Welcome to Learning Modular: a site for musicians and sonic dabblers alike who want to learn more about modular synthesis. Here you will find my online courses, the book Patch & Tweak, a glossary, and additional useful information.
Below are select posts from this web site on fundamental concepts that will hopefully help your modular explorations. This site also contains additional blog posts on trade show reports, excerpts from my courses, and more; click here for the full list.
The thought process that went into building a compact yet comprehensive starting modular synth system for my Learn Modular Synthesis course that covered a wide range of both East and West Coast techniques.
Different oscillators and MIDI to CV converters may have varying ideas of what voltage a given note produces, and what pitch should you hear as a result. If there is a difference, in most cases it can be dialed out with a pitch knob or transpose switch. However, there are occasions when you need the assistance of an additional module to settle these disagreements.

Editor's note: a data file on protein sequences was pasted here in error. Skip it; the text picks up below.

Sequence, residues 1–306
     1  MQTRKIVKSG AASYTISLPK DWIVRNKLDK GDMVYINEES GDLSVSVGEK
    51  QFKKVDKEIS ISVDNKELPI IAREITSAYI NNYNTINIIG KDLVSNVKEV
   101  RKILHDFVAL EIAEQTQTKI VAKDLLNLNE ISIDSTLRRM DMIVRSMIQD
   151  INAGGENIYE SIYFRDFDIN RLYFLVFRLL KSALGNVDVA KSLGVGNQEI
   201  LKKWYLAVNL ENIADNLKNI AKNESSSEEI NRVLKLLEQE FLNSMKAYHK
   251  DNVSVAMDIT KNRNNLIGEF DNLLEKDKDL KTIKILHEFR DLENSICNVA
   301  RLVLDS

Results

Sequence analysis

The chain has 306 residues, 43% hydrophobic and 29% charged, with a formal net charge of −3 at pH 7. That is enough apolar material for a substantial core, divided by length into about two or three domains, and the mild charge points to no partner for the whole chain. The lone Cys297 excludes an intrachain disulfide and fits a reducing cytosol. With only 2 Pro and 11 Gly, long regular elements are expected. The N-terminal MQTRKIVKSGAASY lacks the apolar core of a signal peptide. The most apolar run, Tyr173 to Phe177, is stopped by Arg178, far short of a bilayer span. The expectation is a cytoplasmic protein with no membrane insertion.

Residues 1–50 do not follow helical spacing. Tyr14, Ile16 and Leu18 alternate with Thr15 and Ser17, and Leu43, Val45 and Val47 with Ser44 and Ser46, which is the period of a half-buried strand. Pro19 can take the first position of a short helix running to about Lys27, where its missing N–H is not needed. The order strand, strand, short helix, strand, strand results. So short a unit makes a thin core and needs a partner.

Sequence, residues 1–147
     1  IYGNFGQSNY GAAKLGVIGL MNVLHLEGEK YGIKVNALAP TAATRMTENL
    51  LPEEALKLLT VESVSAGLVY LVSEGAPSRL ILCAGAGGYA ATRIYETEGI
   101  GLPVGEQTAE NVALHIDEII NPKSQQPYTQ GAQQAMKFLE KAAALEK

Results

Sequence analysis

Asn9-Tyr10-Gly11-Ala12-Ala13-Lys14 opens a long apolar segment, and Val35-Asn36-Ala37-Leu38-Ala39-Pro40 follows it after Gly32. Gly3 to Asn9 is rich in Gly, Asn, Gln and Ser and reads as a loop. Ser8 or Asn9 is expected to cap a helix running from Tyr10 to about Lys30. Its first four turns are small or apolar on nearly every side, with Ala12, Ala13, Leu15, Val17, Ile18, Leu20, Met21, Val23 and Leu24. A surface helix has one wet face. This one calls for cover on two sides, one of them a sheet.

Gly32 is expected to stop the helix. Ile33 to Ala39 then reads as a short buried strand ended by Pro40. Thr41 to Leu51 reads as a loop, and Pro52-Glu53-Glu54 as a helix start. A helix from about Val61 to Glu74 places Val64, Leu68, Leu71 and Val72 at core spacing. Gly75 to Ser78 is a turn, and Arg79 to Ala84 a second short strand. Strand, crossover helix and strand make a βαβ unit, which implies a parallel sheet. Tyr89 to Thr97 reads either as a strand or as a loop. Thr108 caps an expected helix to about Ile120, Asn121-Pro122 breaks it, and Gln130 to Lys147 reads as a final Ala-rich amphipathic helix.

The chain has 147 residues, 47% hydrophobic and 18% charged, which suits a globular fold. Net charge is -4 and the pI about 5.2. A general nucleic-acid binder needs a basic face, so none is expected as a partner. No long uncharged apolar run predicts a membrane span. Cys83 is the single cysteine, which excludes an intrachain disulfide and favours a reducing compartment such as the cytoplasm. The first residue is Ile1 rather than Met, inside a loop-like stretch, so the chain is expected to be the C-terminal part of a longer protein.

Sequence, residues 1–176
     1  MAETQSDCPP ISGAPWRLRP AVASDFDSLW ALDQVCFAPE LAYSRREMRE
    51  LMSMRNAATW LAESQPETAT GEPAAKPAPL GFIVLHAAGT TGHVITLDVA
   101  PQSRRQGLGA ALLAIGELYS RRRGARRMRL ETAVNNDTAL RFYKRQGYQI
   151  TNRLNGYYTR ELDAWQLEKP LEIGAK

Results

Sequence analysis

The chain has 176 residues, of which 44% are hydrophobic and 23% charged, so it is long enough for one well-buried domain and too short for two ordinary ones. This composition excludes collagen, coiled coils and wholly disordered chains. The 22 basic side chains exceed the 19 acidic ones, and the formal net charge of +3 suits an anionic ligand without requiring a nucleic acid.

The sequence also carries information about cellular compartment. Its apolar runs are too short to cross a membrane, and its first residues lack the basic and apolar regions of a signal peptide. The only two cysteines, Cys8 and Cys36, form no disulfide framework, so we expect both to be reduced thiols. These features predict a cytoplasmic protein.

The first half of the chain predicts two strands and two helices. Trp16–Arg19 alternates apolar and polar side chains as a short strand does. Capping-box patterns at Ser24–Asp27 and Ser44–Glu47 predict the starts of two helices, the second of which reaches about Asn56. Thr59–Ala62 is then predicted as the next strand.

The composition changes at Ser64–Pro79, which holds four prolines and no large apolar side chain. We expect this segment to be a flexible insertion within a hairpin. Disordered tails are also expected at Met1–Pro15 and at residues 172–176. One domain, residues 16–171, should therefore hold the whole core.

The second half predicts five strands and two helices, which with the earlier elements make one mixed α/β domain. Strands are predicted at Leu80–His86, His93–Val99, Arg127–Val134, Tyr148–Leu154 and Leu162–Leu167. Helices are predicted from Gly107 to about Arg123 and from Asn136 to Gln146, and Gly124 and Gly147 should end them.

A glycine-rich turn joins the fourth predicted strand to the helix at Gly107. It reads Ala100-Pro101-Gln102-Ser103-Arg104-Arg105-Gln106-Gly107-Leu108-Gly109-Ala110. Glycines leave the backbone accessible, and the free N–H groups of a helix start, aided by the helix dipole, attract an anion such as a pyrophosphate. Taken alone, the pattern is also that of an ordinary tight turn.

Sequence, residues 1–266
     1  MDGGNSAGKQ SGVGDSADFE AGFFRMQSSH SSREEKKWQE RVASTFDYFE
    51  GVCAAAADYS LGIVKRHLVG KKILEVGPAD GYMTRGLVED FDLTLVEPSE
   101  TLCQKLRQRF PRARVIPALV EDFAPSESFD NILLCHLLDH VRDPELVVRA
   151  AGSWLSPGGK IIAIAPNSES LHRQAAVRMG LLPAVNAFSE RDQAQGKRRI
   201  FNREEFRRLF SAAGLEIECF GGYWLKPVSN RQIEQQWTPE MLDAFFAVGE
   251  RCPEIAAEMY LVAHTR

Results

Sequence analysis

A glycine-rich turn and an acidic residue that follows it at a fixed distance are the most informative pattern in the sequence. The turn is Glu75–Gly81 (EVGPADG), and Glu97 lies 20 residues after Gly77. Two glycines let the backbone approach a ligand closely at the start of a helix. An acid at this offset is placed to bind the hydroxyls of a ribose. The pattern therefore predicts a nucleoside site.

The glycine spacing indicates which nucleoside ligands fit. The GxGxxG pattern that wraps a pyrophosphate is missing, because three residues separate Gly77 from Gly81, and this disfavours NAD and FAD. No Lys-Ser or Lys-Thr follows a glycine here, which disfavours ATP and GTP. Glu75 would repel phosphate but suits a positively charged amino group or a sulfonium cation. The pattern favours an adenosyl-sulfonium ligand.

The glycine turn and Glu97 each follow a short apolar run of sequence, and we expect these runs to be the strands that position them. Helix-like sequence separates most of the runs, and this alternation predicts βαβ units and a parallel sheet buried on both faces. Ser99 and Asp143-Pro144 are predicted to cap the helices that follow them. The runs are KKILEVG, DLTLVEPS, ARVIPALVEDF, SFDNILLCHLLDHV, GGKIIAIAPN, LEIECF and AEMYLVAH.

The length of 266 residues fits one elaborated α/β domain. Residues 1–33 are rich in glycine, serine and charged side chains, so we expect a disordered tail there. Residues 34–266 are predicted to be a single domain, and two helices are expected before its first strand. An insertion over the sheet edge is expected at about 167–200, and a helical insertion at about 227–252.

Sometimes, you need to send a signal to more than one place. With Eurorack in particular being a small format to begin with, it’s not common for a module to have multiple outputs to cover you, so you need to find a way to split the signal yourself. There a few ways to do it, some with disadvantages you may not have been aware of.
When you’re configuring your modular synthesizer, it’s easy to leave out the all-important utility modules that will help glue together a patch as well as open up creative options. In this note, we’re going to talk about what I call “utility mixers” – not the final mixer with optional effects sends and the such, but tools to combine signals in the middle of a patch.